Director: Xin Lee (2001)
How refreshing to have a movie titled so honestly, for Xin Lee's Berlin Festival-entrant Dazzling production will certainly leave you awe-struck with its pristine beauty and sly, touching charm.
Heavily influenced by, but by no means derivative of, respected classics such as David Lynch, Wim Wenders and Ridley Scott's Blade Runner, Dazzling brings home movie making of supreme intelligence and savvy conduct, belonging to an ilk seldom seen in filmdom.
Shot humbly in Shanghai (minus obvious, hyperbole frames of the city's numerous architectural wonders), it dishes out hallucinatory tales dreamt up by a movie theater attendant (Wu La La, who also recorded the film's sound) slightly obsessed with finding love amid life's treacherous obstructions. Somehow two stranded angels (Zhuang Min and Cui Zonglu) on a matchmaking mission also become entwined in the whole deliciously addictive mess, helping showcase our reality's often bewildering, but hopefully sweet, fabric.
Through a multiple-plot structure, staggeringly clever visuals and an awesome soundtrack (by Xiao Min and Dou Wei), Dazzling becomes one of those rare gems capable of being utterly cool without overly striving for wannabe hip status, a la some Quentin Tarantino films we'll be better off not mentioning. Although it leaves an overall somber impression, via its emphasis on the irony of living and loving Dazzling succeeds in generating truly humorous, uplifting moments, so please don't worry about getting depressed or anything. Actually, its ending will pleasantly surprise you.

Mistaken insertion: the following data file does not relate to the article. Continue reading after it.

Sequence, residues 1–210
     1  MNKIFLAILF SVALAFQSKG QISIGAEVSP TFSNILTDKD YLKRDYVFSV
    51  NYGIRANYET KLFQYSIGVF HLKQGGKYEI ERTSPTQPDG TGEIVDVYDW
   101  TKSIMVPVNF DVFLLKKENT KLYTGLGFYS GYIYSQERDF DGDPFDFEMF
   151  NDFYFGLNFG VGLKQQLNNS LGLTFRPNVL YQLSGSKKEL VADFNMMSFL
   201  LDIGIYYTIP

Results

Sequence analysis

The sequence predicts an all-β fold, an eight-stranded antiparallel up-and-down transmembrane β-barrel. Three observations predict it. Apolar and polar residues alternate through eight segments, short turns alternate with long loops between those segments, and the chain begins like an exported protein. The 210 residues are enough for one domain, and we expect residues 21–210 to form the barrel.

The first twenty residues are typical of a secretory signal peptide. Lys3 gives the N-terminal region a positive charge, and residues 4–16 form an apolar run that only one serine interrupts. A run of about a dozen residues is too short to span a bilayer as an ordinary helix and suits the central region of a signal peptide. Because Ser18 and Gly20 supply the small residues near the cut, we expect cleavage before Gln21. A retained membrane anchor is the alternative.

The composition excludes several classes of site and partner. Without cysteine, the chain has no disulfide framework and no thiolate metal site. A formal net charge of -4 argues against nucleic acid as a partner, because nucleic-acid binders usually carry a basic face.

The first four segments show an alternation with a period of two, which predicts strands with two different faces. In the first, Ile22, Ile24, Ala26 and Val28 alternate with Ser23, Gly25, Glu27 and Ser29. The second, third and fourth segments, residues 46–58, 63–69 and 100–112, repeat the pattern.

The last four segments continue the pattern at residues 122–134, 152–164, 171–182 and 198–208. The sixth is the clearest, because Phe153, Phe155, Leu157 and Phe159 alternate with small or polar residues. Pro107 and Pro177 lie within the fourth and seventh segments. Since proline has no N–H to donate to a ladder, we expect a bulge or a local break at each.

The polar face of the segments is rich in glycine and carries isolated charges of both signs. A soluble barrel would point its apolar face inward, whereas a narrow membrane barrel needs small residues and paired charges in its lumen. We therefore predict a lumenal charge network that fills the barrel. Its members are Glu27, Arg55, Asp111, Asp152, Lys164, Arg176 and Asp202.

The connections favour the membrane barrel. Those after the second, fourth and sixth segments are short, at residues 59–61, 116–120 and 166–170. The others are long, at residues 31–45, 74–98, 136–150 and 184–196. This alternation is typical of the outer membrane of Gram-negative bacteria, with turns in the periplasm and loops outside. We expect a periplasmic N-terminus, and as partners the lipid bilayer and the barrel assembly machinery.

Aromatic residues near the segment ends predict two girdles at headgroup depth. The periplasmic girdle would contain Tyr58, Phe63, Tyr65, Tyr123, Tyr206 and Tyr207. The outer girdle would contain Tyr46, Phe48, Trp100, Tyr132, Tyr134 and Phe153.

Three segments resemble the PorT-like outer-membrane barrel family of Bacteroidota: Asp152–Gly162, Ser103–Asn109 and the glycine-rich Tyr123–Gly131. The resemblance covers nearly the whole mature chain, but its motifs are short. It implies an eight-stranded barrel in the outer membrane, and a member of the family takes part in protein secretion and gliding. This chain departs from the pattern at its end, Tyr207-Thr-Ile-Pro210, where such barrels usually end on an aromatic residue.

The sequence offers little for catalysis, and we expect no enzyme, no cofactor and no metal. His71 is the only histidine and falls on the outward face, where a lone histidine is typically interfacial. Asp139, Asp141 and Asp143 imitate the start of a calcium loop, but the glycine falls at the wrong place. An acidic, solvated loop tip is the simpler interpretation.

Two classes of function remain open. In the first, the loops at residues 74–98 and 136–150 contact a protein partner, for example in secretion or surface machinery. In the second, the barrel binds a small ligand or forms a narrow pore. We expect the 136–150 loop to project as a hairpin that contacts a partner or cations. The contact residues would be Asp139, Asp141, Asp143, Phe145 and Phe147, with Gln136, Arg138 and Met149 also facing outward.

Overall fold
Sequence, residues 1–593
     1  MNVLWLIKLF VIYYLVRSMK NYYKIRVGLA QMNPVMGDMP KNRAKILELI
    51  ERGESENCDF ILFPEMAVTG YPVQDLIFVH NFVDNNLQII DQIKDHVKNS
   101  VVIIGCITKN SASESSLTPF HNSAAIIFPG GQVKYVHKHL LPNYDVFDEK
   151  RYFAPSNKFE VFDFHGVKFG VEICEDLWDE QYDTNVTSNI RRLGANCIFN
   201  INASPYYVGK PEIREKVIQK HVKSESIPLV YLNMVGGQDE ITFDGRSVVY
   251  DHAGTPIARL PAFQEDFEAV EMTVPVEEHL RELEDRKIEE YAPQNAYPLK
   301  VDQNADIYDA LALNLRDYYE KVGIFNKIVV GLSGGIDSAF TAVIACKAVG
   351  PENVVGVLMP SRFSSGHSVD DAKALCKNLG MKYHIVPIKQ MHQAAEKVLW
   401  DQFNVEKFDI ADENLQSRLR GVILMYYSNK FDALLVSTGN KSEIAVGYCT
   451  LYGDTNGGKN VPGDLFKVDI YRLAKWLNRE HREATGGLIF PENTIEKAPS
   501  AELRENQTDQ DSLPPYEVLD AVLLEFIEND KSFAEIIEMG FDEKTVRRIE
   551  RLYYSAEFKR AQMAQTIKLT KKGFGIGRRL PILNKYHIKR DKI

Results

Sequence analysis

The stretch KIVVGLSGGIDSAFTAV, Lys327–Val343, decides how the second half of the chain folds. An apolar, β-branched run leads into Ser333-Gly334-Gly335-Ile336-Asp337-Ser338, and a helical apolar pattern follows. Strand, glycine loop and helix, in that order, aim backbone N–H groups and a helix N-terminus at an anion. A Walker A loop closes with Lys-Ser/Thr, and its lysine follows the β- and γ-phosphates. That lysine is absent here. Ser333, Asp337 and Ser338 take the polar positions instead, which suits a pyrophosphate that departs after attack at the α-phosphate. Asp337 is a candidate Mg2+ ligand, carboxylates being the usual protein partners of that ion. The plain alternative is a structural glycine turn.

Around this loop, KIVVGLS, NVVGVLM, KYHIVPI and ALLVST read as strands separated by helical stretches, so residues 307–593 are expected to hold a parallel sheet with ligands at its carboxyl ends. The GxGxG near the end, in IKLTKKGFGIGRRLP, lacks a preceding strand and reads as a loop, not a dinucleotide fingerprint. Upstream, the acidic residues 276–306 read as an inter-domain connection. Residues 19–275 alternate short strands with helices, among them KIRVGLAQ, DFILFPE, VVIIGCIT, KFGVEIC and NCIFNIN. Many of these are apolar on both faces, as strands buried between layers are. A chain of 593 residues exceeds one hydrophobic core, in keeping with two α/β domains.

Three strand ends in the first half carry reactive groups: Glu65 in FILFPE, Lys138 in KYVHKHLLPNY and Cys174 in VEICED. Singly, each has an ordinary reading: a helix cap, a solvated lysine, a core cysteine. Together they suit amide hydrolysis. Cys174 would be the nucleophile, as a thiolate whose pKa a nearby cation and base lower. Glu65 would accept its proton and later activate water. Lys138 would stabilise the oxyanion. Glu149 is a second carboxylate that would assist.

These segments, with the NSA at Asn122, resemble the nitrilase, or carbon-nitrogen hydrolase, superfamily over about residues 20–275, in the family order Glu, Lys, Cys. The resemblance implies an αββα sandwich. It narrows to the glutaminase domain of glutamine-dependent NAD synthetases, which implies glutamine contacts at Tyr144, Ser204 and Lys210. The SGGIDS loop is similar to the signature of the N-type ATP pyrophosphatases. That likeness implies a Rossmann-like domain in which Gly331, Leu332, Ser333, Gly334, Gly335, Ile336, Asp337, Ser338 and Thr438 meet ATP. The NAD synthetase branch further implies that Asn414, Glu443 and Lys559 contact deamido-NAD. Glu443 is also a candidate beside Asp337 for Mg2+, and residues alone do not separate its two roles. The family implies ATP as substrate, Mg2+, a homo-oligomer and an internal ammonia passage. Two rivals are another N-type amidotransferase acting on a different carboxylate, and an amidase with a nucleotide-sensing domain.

Since it pulls duty as a sci-fi, social commentary and tear-jerker epic simultaneously, Dazzling will attract a wide variety of audiences. Heck, it'll attract anyone with a heart.
(cityweekend.com.cn February 19, 2004)